But his sister would not obey. "No, Philip," she cried, eagerly, "this may not be. Let your strong spirit arise and burst asunder the bonds that fetter and cripple it."

At this a groan of pain escaped the philosopher, and, turning again to the girl, he answered, with a mournful smile:

"Bid the cushion in that arm-chair do so. It will succeed better than I!" Then crying out impatiently and as loudly as he could, "Now go--you know not how you torture me!" he turned away from her and buried his face in the pillows.

But Melissa, as if beside herself, laid her hands upon his shoulder, and, shaking him gently, exclaimed: "And even if it vexes you, I will not be driven away thus. The misfortunes that have befallen you in these days will end by destroying you, if you will not pull yourself together. We must have patience, and it can only come about slowly, but you must make an effort. The least thing that pains you hurts us too, and you, in return, may not remain indifferent to what we feel. See, Philip, our mother and Andrew taught us often not to think only of ourselves, but of others. We ask so little of you; but if you--"

At this the philosopher shook himself free of her hand, and cried in a voice of anguish:

"Away, I say! Leave me alone! One word more, and I die!" With this he hid his head in the coverlet, and Melissa could see how his limbs quivered convulsively as if shaken by an ague.

To see a being so dear to her thus utterly broken down cut her to the heart. Oh, that she could help him! If she did not succeed, or if he never found strength to rouse himself, he, too, would be one of Caesar's victims. Corrupted and ruined lives marked the path of this terrible being, and, with a shudder, she asked herself when her turn would come.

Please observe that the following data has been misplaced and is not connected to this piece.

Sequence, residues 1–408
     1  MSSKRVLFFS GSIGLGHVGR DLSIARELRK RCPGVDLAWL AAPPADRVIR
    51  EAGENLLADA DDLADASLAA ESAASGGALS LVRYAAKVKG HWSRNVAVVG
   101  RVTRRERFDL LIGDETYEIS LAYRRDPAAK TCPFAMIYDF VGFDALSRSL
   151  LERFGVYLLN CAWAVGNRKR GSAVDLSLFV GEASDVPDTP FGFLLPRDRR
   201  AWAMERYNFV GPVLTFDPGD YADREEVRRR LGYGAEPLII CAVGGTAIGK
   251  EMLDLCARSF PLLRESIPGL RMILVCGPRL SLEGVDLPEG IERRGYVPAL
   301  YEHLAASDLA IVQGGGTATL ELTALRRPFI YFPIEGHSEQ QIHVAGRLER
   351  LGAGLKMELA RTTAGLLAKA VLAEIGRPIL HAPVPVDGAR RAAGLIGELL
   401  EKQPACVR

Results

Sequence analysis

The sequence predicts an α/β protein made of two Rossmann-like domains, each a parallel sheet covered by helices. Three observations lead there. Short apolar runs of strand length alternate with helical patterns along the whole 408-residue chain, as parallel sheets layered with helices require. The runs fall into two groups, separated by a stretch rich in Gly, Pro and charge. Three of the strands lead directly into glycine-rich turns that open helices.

Her hair had become disordered, and as she smoothed it she looked in the mirror, and could not but observe that in the simple but costly white robe of the dead Korinna she looked like a maiden of noble birth rather than the lowly daughter of an artist. She would have liked to tear it off and replace it by another, but her one modest festival robe had been left behind at the house of the lady Berenike. To appear in broad daylight before the neighbors or to walk in the streets clad in this fashion seemed to her impossible after her brother's unjust suspicion, and she bade Argutis fetch her a litter.

When they parted, Dido could see distinctly that Philip had wounded her. And she could guess how, so she withheld any questions, that she might not hurt her. Over the fire, however, she stabbed fiercely into the fowl destined for the philosopher, but cooked it, nevertheless, with all possible care.

On the way to the Serapeum, Melissa's anxiety increased. Till now, eagerness for the fray, fear, hope, and the joyful consciousness of right-doing, had alternated in her mind. Now, for the first time, she was seized with a premonition of misfortune. Fate itself had turned against her. Even should she succeed in escaping, she could not hope to regain her lost peace of mind.